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36 of 44 people found the following review helpful By W. T. Hoffman TOP 500 REVIEWERVINE VOICE on July 23, 2014
Format: Hardcover Vine Customer Review of Free Product ( What's this? )
I was excited to read this biography, since I'm a huge Dylan fan with a CD collection of well over a hundred Dylan titles. Very little has ever been said about Victor Maymudes in previous Dylan biographies. Dylan never mentioned him in CRONICELS. Clinton Heylin's famous biography BEHIND THE SHADES donated two sentences to Victor, one placing him in the 1964 car trip to the deep south, the other was when Dylan rehired Victor as personal assistant for his never ending tour in the late eighties. So who then is this Victor Maymudes, and why did he (with the help of his son) write this tell all book? If you look for answers in the book itself, you will be told that "he understood Bob better than anyone ever understood Bob."(pg.277) and "We had grown up together."(pg. 244) This is typical of the hyperbolic statements made throughout the book, by a man who apparently was a megalomaniac. If Victor knew someone famous was around, he'd try to make contact with them, to collect their friendship, and network them for future business opportunities. (Dylan often screamed at Victor not to bother the other famous musicians on his tour, for this reason.) One of the most prevalent features of the book, is Maymudes love of name dropping. On just one page at random, I counted 16 different names (pg.152), which didn't provide any depth of detail to the narrative. It was only confusing, since most of the names were only mentioned in passing, to impress his readers.

Victor's back story began when he created the UNICORN coffee shop with Herb Cohen (Zappa's agent) in LA back in 1955. In 1961, Wavy Gravy told Victor to go to NYC to track down a rising star on the folk scene, Bob Dylan. He met Bob at the Gaslight Café, and they became friends.
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10 of 13 people found the following review helpful By Ursula VINE VOICE on August 10, 2014
Format: Hardcover Vine Customer Review of Free Product ( What's this? )
This book has been beaten up by some. And I have to say if I had to rate it as a book about Dylan, it would maybe be a 2. There really isn't that much to it, except a few morsels. But just as a book by itself, it was a fun read. How much is true in all this, I have no idea. There was a quote by the author about pictures on the internet about Dylan playing chess and that they are all with his father. I took him up on that, but it seems that the few images there are of Dylan playing chess were all taken on the same day. It's clear to me that Victor Maymudes made a little more of his friendship with Dylan that was the case but who can blame him. If I had spent time with Dylan, I would probably have a big head too.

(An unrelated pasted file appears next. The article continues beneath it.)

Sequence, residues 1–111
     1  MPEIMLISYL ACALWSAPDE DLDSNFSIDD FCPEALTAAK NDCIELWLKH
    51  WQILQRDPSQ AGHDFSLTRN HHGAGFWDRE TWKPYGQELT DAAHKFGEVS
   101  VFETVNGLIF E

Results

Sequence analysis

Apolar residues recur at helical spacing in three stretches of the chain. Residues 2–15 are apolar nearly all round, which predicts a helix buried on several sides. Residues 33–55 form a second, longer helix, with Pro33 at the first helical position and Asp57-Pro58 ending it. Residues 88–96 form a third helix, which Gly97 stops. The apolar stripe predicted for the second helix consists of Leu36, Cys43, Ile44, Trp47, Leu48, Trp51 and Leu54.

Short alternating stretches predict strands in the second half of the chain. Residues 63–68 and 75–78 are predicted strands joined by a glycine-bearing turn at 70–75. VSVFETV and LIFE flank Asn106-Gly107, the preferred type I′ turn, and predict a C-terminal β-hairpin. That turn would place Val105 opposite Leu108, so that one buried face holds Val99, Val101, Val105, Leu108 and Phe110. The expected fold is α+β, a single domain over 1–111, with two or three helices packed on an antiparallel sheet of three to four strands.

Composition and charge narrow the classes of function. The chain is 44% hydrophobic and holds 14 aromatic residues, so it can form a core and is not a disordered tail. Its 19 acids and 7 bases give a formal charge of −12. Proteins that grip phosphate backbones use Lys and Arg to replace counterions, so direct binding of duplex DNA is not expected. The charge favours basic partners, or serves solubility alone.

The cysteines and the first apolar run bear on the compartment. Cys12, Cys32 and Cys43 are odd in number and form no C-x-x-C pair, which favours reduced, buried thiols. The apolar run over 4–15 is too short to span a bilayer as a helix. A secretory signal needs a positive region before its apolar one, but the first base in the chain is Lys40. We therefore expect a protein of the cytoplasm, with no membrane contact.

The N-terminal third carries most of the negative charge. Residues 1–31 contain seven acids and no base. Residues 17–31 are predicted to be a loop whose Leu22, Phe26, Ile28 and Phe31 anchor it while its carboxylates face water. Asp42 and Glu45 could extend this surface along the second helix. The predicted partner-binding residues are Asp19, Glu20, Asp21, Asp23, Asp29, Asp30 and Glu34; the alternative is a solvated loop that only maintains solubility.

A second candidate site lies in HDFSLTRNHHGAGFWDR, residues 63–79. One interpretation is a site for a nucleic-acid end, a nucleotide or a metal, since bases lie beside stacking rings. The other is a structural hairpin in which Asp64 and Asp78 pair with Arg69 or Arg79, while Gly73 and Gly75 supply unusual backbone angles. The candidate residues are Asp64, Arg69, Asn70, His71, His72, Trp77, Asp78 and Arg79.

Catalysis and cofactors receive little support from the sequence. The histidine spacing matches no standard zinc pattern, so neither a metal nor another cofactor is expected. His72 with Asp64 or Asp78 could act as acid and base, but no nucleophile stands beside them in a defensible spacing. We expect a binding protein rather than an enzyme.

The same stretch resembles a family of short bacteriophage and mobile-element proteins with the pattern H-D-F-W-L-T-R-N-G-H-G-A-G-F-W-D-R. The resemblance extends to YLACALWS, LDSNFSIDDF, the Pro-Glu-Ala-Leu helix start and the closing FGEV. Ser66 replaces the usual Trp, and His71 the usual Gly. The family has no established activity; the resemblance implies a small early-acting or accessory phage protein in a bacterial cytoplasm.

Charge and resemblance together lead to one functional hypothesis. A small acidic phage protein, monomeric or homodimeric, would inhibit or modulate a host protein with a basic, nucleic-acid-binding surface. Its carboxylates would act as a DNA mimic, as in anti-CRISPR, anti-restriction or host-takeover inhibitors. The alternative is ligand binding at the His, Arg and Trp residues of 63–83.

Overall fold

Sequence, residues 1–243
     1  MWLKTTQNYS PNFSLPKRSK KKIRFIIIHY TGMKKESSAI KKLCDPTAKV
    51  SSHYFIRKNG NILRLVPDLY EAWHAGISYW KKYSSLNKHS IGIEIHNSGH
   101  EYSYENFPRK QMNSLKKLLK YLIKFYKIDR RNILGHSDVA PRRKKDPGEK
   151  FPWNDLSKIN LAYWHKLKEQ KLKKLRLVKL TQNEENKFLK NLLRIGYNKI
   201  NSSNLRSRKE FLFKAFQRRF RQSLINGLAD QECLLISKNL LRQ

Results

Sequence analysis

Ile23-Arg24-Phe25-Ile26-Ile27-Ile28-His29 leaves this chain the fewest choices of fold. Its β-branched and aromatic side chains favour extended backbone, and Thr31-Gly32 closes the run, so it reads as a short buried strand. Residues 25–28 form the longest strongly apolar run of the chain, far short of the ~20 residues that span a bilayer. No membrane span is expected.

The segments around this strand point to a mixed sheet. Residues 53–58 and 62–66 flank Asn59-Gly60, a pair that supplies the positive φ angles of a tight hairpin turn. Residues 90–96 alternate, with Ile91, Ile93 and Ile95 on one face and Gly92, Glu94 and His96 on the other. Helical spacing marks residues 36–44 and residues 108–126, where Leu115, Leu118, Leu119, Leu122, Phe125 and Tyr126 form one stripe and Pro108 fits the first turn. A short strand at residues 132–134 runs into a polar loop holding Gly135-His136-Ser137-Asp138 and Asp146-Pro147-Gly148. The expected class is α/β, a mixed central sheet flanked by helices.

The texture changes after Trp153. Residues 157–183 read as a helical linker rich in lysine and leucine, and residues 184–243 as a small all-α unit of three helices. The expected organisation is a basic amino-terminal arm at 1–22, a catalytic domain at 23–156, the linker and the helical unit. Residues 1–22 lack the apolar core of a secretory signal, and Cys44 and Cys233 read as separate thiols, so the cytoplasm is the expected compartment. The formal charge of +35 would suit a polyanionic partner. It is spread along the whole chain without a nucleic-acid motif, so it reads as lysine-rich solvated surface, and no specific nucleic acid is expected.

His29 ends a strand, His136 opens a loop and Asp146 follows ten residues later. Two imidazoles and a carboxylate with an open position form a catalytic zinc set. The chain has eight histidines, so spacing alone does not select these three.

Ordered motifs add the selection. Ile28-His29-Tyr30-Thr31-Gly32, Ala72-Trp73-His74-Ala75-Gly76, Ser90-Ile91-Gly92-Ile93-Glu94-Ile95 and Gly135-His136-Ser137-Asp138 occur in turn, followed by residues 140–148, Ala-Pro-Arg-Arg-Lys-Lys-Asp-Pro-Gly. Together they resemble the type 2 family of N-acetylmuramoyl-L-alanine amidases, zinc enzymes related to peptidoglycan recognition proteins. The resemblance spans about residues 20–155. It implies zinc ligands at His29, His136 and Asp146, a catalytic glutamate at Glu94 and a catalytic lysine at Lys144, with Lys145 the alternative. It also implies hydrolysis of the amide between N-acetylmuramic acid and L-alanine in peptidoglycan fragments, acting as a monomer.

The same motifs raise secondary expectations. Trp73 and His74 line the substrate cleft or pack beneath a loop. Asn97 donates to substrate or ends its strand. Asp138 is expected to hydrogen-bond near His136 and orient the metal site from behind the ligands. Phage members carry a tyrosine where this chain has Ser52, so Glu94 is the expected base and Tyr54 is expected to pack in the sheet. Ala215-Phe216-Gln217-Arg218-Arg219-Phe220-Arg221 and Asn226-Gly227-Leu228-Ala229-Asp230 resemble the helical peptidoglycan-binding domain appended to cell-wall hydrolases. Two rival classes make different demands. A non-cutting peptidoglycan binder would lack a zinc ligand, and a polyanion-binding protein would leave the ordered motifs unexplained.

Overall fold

I just took it as a regular book, rather than trying to find out intimate details about Dylan's life, a tell-all book since I never liked those. I love Dylan and probably have 90% of his albums but I haven't read every book about him. I don't think anybody but Dylan really knows what was in that man's head. I read Chronicles and that for me was the definitive book, realizing that Dylan likes to tell some half truth just to mess with you.

I read the beginning of the book to my husband who said: "Why is he telling so much about himself for 30 pages or so". It's probably a disappointment to somebody who is really looking forward to some depth but I didn't mind. I did expect a little more than I got but since I enjoyed the book for it's own sake, I gave it a 4 rather than a 3.